A freelance business consultant with an MBA from Wharton, Taylor Blake has come to Savannah, Georgia to help her sister fulfill her dream of owning a vintage candy shop. She has no plans to contribute to Allison’s Dream Club, a group of eccentrics who meet weekly to share and interpret their dreams. Taylor doesn’t believe in the paranormal, psychics, or tarot cards. After a childhood of night terrors, she no longer dreams. At all.
Oldies But Goodies is only the latest business venture for her unfocused younger sister. Taylor is intent on making Ali’s vision come true. With reverence for nostalgia and a complete disregard of health trends, Savannah should be the perfect location for a candy store that celebrates old-fashioned treats. Unfortunately, the death of Chico Hernandez, owner of the neighboring dance studio, threatens its success when it’s revealed that the lothario instructor had plans to buy out Ali’s building and put her out of business.
On the night of Chico’s death, he might as well as had a revolving door installed. It seems nearly everyone in town had a reason to visit him before he was poisoned, including most of the Dream Club members. Despite her doubts, Taylor finds herself meeting with the Dream Club as they use their dreams to decipher clues and possibly lead them to the murderer. Whether their dreams are accusations, red herrings, or a clever ruse is the question. On the positive side, Taylor has discovered two old friends have reason to come to Savannah, one an aspiring investigative reporter. The other is a former FBI agent turned private detective—also former boyfriend—whose shared workaholic tendencies prematurely ended the romance.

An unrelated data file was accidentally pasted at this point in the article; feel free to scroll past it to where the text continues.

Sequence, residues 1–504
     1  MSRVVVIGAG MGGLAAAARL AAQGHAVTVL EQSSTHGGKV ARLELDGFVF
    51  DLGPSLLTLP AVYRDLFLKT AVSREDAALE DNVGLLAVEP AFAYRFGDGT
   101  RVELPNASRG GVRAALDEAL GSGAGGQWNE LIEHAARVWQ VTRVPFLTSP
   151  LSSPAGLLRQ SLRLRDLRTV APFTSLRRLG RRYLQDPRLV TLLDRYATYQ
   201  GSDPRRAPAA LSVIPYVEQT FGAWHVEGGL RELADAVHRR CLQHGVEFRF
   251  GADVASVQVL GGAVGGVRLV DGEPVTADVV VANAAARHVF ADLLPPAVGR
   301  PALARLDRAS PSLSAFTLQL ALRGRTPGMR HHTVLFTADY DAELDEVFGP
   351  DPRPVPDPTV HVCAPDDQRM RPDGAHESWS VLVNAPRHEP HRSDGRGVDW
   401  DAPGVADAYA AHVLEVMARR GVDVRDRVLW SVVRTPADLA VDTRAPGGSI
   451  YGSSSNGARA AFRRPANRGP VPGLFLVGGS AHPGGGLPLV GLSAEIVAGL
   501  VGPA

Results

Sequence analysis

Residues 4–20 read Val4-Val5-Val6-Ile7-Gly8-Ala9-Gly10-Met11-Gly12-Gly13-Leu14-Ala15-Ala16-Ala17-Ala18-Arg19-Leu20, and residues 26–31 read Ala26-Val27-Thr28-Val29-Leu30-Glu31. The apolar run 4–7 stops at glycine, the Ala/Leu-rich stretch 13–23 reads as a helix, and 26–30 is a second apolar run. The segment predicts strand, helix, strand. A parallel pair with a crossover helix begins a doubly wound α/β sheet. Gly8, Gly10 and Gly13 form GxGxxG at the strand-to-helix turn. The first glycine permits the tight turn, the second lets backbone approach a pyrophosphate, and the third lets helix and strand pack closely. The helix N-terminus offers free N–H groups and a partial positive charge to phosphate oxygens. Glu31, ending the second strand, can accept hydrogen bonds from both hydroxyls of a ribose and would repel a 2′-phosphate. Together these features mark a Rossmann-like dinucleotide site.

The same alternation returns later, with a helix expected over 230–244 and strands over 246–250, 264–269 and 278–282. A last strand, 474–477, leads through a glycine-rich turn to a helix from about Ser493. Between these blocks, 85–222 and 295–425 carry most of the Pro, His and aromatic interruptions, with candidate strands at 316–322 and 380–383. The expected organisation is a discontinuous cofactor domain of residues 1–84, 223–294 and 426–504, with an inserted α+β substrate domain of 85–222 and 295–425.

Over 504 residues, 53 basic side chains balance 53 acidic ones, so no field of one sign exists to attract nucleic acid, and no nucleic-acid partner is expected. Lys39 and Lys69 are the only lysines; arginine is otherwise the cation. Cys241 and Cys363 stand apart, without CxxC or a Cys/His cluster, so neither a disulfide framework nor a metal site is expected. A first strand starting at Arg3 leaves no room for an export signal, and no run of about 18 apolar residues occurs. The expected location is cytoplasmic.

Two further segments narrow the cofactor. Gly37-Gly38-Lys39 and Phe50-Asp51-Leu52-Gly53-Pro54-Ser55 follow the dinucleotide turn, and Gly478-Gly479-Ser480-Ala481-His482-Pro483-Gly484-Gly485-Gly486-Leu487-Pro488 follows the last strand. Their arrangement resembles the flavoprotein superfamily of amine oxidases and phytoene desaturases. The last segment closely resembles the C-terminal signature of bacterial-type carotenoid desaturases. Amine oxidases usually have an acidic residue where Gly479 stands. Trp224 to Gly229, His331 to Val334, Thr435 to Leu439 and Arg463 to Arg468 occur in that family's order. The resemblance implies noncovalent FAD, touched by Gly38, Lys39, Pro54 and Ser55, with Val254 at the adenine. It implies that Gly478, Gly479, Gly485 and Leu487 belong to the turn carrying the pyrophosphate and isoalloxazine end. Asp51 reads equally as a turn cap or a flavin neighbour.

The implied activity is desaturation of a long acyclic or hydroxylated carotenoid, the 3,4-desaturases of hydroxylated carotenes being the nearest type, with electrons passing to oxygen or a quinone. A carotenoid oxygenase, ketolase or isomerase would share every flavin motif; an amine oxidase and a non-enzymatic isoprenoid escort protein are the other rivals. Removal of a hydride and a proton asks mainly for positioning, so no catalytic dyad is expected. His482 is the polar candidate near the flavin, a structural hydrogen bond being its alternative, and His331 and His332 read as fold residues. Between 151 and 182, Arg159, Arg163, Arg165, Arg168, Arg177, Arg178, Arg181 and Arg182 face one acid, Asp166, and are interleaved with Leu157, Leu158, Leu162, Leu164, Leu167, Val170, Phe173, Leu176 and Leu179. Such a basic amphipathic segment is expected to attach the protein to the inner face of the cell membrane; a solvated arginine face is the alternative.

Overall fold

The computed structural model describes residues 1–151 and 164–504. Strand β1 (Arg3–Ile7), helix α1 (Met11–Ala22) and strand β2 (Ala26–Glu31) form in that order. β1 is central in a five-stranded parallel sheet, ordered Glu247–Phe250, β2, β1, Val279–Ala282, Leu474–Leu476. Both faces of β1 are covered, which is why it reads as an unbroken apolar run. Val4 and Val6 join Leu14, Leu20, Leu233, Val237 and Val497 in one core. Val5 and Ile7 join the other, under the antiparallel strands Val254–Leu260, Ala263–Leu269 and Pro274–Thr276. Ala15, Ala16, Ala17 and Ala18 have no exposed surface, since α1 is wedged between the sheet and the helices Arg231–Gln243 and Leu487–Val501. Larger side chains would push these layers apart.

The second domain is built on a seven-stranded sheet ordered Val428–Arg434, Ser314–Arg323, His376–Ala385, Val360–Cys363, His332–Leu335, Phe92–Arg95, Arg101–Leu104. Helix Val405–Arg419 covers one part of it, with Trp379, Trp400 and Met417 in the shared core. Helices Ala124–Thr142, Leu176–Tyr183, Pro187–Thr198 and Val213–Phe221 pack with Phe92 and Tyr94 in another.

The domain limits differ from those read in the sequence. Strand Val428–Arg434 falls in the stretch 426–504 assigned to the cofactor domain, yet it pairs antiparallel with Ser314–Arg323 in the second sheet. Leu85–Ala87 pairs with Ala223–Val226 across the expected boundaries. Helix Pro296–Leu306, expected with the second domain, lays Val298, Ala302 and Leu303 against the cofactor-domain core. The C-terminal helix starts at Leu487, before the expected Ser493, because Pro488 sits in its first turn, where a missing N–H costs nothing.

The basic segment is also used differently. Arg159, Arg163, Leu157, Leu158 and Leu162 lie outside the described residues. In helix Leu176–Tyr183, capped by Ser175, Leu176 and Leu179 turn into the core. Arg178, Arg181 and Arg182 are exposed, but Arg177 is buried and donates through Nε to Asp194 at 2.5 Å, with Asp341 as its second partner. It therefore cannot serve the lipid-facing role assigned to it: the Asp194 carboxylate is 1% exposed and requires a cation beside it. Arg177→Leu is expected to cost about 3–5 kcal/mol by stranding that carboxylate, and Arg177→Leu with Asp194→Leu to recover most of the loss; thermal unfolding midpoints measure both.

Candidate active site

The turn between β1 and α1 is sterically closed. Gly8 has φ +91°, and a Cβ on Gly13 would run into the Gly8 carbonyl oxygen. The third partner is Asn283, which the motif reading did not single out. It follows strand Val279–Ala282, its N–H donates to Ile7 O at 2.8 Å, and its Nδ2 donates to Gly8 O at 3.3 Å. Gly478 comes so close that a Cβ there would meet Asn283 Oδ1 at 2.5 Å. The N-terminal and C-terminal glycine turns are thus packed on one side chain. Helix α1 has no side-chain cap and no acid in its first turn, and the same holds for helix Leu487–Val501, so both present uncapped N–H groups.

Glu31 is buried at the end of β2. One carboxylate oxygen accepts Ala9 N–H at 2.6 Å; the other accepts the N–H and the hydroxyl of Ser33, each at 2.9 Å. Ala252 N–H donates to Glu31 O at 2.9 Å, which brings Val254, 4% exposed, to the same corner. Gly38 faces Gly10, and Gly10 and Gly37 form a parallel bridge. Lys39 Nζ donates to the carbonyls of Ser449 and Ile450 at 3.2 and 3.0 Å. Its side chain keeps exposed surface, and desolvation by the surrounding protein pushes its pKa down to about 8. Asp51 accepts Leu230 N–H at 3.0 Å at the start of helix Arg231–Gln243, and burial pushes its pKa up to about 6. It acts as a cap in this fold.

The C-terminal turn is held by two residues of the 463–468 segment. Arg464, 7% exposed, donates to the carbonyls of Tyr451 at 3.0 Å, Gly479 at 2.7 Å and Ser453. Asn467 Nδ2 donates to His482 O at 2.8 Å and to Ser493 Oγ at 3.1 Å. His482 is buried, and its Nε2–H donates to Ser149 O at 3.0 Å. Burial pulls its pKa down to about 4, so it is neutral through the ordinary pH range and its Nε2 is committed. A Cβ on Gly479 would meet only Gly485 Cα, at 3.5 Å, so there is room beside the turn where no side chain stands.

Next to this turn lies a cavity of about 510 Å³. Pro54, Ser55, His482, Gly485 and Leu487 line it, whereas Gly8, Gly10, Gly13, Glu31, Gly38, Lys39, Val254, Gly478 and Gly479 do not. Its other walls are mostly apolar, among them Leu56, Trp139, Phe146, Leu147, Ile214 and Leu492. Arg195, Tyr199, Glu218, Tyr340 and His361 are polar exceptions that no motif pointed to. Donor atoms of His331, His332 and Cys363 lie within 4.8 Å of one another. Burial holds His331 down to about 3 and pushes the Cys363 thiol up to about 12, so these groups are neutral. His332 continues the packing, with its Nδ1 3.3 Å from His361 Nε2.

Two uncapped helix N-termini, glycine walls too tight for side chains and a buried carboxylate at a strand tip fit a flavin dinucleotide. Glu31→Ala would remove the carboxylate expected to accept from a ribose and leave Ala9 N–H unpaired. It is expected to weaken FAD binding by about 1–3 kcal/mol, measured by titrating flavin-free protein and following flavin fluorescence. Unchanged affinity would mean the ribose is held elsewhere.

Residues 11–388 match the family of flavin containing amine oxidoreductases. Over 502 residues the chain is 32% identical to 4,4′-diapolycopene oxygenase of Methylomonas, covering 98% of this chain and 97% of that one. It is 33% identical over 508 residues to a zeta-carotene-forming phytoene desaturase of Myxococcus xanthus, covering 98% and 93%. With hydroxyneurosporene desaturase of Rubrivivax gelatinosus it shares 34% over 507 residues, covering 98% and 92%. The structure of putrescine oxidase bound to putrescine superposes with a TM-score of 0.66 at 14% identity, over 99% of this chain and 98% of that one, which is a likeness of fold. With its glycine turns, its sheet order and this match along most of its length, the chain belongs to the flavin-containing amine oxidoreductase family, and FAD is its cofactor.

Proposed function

A clinical psychologist and author of a non-fiction book on dream interpretation, Mary Kennedy displays her knowledge in an entertaining way. Readers will wish they paid more attention to the previous night’s dreams. Also well-written is the relationship between Taylor and Ali, who as adults have learned to accept their differences despite being an A-type, organized, bottom-liner vs. a more creative, artistic, free spirit. What makes the sisters so likable is that they are aware of their own flaws.
The Savannah setting is a character in itself, as its polite veneer glosses over its many eccentric residents and their shady reputations. Because it is the South, food plays a role. The descriptions of both the local cuisine and Ali’s nostalgic treats will have readers’ mouths watering.
The author of the Talk Radio Mystery series continues to craft mysteries with sharp humor and witty dialogue. She succeeds in educating readers who will spend their days analyzing what the subconscious has been telling them at night.
The Wolfe Widow: A Book Collector Mystery by Victoria Abbott